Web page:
I’m so proud of my little preschooler and know we have many years of memories to make together in our preschool community. And she sang “Shalom Haverim” so beautifully, that Babs better be shakin’ in her boots.

  1. Pattie
    1/7/2014 8:17 AM

    I so look forward to your updates! What a little trooper…MOMMY! haha. New friends, new adventures, growing up. It’s all part of the plan for kiddies and a really hard transition for moms! Book those mornings! Lots of mani/pedi’s, lunches, movies (if they aren’t too long!) Enjoy your mommy time, while Madelyn grows to love school!
    Love you all….

  2. Mimi
    1/6/2014 10:02 PM

    Dear Sweet Madelyn! I’m so happy that you had a busy & fun day in your new pre-school class. I love your schedule of activities & that you will have very clean hands. 😉 It will be fun/funny to look back on this big event/milestone & see that you are still friends or even went all through your school years with some of your new classmates.
    Starting with today, I can’t wait to be able to go to lots of your school events!!
    I love you! <3

Jewish Identity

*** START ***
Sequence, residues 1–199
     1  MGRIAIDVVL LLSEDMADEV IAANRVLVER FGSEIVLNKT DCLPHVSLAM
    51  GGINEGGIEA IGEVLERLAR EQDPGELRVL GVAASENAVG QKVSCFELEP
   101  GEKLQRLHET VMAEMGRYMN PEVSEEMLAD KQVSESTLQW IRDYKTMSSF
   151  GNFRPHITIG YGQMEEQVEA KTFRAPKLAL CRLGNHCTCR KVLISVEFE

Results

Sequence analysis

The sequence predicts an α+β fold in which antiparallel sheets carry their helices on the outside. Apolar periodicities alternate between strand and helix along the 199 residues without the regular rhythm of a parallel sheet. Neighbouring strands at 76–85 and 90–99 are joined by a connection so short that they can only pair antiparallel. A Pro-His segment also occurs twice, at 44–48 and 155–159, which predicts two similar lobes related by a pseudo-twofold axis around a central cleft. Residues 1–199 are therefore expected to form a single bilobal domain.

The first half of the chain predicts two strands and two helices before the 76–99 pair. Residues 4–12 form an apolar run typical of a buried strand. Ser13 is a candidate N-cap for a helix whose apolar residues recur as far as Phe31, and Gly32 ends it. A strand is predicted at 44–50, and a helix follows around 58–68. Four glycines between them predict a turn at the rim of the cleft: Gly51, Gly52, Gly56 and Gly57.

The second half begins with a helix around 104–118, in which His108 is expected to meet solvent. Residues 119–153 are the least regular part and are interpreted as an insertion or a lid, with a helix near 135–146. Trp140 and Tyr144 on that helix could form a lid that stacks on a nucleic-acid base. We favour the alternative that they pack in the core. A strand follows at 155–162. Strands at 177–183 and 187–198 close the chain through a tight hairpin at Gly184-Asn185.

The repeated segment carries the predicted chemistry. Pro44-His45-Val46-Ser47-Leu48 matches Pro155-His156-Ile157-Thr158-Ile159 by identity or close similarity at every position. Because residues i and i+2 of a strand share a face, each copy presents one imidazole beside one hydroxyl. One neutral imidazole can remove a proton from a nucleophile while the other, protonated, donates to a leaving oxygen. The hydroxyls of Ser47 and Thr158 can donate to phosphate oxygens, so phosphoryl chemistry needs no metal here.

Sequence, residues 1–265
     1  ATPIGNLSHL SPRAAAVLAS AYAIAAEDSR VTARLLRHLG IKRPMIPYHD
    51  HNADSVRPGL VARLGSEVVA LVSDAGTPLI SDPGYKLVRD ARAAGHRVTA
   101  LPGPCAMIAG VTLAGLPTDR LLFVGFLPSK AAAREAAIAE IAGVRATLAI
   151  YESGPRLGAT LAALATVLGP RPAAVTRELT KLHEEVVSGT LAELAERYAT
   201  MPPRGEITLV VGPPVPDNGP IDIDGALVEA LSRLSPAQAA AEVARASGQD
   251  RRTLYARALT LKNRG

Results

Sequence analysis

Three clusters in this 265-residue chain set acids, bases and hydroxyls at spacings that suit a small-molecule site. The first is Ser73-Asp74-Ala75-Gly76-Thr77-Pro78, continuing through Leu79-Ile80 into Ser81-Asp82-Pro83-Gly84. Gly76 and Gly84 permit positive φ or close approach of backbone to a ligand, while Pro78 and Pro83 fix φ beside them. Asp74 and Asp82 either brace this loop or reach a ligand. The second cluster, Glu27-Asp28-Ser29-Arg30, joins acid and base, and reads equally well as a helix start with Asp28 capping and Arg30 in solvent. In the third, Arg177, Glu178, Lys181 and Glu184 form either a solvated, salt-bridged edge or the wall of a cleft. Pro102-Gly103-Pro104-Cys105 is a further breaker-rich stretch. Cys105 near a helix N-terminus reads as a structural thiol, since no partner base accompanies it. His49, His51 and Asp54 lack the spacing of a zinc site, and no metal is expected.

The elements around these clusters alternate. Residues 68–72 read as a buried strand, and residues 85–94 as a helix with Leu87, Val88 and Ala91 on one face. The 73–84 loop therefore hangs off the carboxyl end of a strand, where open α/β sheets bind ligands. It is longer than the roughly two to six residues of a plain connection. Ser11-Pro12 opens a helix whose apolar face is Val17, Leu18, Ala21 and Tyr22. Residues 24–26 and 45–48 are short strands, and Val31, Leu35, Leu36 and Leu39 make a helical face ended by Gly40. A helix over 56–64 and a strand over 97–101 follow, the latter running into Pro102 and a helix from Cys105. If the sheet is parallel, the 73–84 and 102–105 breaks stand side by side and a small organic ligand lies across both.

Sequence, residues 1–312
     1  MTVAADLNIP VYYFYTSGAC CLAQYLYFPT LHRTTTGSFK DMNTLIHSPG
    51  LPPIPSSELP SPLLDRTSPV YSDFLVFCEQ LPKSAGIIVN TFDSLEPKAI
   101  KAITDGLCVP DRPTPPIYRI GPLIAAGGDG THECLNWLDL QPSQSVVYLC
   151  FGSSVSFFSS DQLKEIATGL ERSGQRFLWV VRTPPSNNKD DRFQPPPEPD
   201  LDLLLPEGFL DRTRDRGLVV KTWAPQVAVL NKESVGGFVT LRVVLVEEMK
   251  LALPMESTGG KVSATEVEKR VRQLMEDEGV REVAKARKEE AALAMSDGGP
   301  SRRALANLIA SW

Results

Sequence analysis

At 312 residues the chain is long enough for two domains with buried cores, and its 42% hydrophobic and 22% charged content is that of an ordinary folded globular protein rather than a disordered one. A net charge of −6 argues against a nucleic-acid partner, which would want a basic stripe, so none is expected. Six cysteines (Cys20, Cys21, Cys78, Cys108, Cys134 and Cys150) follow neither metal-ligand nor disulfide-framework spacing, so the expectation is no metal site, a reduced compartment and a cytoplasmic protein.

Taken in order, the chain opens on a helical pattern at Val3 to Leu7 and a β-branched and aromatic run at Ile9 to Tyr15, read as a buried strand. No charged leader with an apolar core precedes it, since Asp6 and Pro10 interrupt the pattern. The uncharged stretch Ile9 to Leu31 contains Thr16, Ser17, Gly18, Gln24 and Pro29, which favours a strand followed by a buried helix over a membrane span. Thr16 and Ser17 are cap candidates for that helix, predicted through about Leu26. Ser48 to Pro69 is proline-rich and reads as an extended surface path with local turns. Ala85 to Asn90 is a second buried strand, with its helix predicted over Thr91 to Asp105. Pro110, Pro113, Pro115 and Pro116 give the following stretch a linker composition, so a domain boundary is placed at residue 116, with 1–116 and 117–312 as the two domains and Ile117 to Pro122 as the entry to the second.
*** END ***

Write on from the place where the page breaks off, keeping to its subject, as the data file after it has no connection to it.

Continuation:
by Bryan Friedman in Daddy's Corner, Judaism

Some of my earliest memories of childhood are from my days on the playground at preschool with my then best friend, Jordan. I can still see Jordan and myself trudging through the sandbox and going down the slide, followed by an uncomfortable jaunt on the awkward metal tricycles that we rode in circles on what I remember as a blacktop. I have vague memories of other aspects of preschool too – I think at some point we actually had naptime on cots and I’m pretty sure we sang songs outside under a big tree with a woman playing the guitar. (I distinctly remember the Jewish classics “Bim Bom” and “My Bagel Lies Over The Ocean”.)


It is this exact same preschool that Madelyn will be starting at next week (with a brand new state of the art jungle gym on that neat rubbery surface and minus a few safety-questionable tricycles). Understandably, it has me reflecting on my early days there because even though this is the start to Madelyn’s 20+ year career in the education system, it is also the beginning of something else that I hope will become as important to her as it has for Alison and me – her Jewish identity. Sure, there’s an argument to be made that her baby naming was really the start of that, and certainly in some ways it was, but while I’m fairly confident she won’t remember that occassion too well (she was less than a year old), I’m hoping she’ll remember her preschool days as fondly as I do.